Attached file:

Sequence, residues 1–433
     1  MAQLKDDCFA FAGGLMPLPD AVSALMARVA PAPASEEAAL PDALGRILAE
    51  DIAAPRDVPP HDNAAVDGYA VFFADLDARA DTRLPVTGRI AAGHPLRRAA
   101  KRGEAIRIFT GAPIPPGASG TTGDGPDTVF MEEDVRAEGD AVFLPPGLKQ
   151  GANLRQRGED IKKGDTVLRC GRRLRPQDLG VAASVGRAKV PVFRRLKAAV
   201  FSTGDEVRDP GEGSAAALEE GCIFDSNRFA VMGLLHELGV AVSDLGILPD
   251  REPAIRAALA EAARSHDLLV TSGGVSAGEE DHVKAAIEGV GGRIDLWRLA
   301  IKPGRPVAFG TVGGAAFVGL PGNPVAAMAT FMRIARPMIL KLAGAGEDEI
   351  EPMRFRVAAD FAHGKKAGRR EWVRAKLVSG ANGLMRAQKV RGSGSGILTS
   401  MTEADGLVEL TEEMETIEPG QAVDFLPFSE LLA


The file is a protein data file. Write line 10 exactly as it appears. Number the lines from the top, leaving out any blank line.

   401  MTEADGLVEL TEEMETIEPG QAVDFLPFSE LLA